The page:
(For more Reuters DEALTALKS, click )
* CMBS investors angered by banks’ X-Note profits
* Industry to rethink role of X-Notes going forward
* Banks to ‘push back’ at investors’ X-Note demands
* X-Note row could be blocking muted CMBS issuance
By Andrew Macdonald
LONDON, Aug 19 (Reuters) - Europe’s muted commercial property debt securitisation market will not return to a multi-billion pounds business until a row is settled over controversial X-Notes, a bond used by issuing banks to protect their slice of profits.
“X-Notes are one of the biggest issues facing European CMBS, because (when the underlying loans fail) investors see the bank that issued the transaction still making a fortune, they’re actually quite hacked off,” one source told Reuters.
In the guarded world of securitised debt, few players speak publicly about X-Notes, usually held by issuing banks, such as ABN, Barclays , Citigroup, Credit Suisse, Deutsche Bank (DBKGn.DE), Goldman Sachs , Eurohypo, Merrill Lynch, JP Morgan, Morgan Stanley , and Societe Generale
In the heady economic times pre-2008 there was little noise about this type of bond, but the global financial meltdown saw property prices fall and business fail. Problems arose when loans in a CMBS started to fail, or defaulted.
CMBS are bonds backed by commercial property loans, which are held in a tax-efficient trust. Interest received by the trust is paid out to bondholders. The residue is covered by an X-Note and usually paid to its holder, most often the issuing bank, ahead of most other bondholders.
“Why should the issuer be receiving this excess spread (X-Note) when the loan has gone completely bad? It’s offensive,” a second source, a CMBS investor, told Reuters. “That’s where the crux of the issue really lies,” he said.
So far in 2011, $1.1 billion worth of European CMBS have been issued, markedly down on $5.6 billion issued in 2010, $21.5 billion in 2009, and $9.6 billion in 2008. The market peaked at 78.4 billion in 2006, CRE Finance Council data showed.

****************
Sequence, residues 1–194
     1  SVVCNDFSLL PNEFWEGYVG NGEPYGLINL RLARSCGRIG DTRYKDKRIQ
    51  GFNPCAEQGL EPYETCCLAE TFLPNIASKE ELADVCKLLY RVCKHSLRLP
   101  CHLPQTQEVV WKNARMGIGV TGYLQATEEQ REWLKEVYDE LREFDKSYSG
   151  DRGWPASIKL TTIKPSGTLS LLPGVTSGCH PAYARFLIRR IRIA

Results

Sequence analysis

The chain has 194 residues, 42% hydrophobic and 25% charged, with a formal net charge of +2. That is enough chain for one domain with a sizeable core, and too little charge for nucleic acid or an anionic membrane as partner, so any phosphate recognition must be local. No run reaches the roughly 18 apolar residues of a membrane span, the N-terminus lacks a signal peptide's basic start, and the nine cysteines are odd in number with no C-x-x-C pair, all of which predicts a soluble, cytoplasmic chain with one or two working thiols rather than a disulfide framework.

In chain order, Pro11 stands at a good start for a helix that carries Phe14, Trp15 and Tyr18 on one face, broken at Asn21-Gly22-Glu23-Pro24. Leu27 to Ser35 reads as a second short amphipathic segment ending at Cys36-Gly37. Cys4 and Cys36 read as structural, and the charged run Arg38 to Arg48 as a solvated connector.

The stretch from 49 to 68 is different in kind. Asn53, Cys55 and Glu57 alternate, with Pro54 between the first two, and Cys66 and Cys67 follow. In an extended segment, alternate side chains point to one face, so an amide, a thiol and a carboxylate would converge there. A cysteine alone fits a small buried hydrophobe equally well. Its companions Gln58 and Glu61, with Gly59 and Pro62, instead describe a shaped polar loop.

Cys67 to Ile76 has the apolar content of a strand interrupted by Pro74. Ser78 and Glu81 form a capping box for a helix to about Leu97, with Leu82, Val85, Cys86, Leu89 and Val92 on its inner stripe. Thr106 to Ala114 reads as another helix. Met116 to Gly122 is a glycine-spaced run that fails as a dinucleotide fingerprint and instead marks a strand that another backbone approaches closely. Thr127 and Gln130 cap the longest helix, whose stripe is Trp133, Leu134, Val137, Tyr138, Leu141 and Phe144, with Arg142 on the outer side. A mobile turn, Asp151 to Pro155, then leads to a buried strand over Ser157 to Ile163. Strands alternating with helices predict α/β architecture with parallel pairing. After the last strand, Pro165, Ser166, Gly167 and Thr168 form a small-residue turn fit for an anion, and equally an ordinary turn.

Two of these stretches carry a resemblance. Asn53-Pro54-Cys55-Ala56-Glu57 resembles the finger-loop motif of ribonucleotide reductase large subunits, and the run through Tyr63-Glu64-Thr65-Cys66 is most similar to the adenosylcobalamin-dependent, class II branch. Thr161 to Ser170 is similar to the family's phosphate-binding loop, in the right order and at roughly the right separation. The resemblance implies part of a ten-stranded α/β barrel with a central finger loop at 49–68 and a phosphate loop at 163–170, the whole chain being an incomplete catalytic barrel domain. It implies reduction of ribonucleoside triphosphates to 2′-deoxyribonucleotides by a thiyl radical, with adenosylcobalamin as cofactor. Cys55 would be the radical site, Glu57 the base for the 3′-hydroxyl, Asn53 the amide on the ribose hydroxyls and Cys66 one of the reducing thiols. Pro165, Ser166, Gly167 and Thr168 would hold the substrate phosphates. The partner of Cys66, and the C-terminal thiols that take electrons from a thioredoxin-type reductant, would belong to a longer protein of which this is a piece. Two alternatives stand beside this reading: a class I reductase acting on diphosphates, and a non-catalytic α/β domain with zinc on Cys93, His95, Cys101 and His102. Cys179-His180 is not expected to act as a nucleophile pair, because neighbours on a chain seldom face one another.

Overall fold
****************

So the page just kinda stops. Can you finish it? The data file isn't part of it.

More deals are unlikely in 2011, leaving Europe’s debt-starved property industry hungry for new funding sources as it struggles to recover from its worst downturn in decades. One CMBS special servicer doubted a recovery until 2017.
“There’s desire for a decent (investment) return in this market, and if CMBS can offer that return they (banks and investors) will come to an agreement on X-Notes,” the second source said on condition of anonymity.
“Banks are always going to push back as much as possible to avoid having to relinquish anything,” he said.
As it stands, a CMBS issuance source said, both banks and investors had polarised views on the future of X-Notes, which was linked to their differing commercial imperatives and only aggravated by the commercial property market’s collapse.
“I think you have to accept that this is a necessary evil, and at the same time a storm in a teacup. Part of the problem is there is a lot of guys who have a lot to say about it, but don’t understand all the issues,” a CMBS special servicer said.
Three sources said some disgruntled investors holding bonds subordinate to X-Notes in failed CMBS loans had unsuccessfully asked banks to rethink their contractual X-Note entitlements.
“Banks can get away with a few (X-Note) tweaks here and there ... until someone says ‘This is never going to work unless you change, and nobody else out there is going to buy this (X-Note) stuff’,” the CMBS special servicer said.
The CRE Finance Council, noting the effects of securitised loan defaults on interest payments to CMBS bondholders, has set up a working group to identify best-practise guidelines for the future use of X-Notes.
Deutsche Bank’s 302 million pounds Chiswick Park CMBS in 2011 was arguably a sign banks could be swayed by investors. It agreed X-Notes in the CMBS would be subordinated to other bondholders if the underlying loan defaulted.
Other options for X-Note tweaks included investors being able to buy them, as in the United States. Other ideas included placing X-Notes at the bottom of the payments waterfall, or apportioning slices of them to each underlying bond class.
Yet another option was using value breaks, which meant that if a CMBS’ property loan-to-value rose, an issuing bank would have to place a corresponding percentage of its X-Note returns in to a reserve account for use within the securitisation.
“At day’s end you’ve got to incentivise issuing banks to issue CMBS in the first place,” the special servicer said. (Editing by David Cowell)